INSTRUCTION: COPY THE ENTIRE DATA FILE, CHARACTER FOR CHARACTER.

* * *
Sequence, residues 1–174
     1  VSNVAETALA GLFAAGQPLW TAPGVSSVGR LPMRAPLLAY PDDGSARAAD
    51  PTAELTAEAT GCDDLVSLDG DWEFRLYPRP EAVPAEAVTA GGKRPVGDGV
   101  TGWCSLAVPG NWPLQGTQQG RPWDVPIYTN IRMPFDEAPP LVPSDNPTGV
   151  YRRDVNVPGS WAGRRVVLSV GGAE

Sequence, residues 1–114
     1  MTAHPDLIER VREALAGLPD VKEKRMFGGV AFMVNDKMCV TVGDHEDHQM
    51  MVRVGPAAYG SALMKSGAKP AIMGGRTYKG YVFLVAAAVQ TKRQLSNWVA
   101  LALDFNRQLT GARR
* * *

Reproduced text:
Sequence, residues 1–174
     1  VSNVAETALA GLFAAGQPLW TAPGVSSVGR LPMRAPLLAY PDDGSARAAD
    51  PTAELTAEAT GCDDLVSLDG DWEFRLYPRP EAVPAEAVTA GGKRPVGDGV
   101  TGWCSLAVPG NWPLQGTQQG RPWDVPIYTN IRMPFDEAPP LVPSDNPTGV
   151  YRRDVNVPGS WAGRRVVLSV GGAE

Sequence, residues 1–114
     1  MTAHPDLIER VREALAGLPD VKEKRMFGGV AFMVNDKMCV TVGDHEDHQM
    51  MVRVGPAAYG SALMKSGAKP AIMGGRTYKG YVFLVAAAVQ TKRQLSNWVA
   101  LALDFNRQLT GARR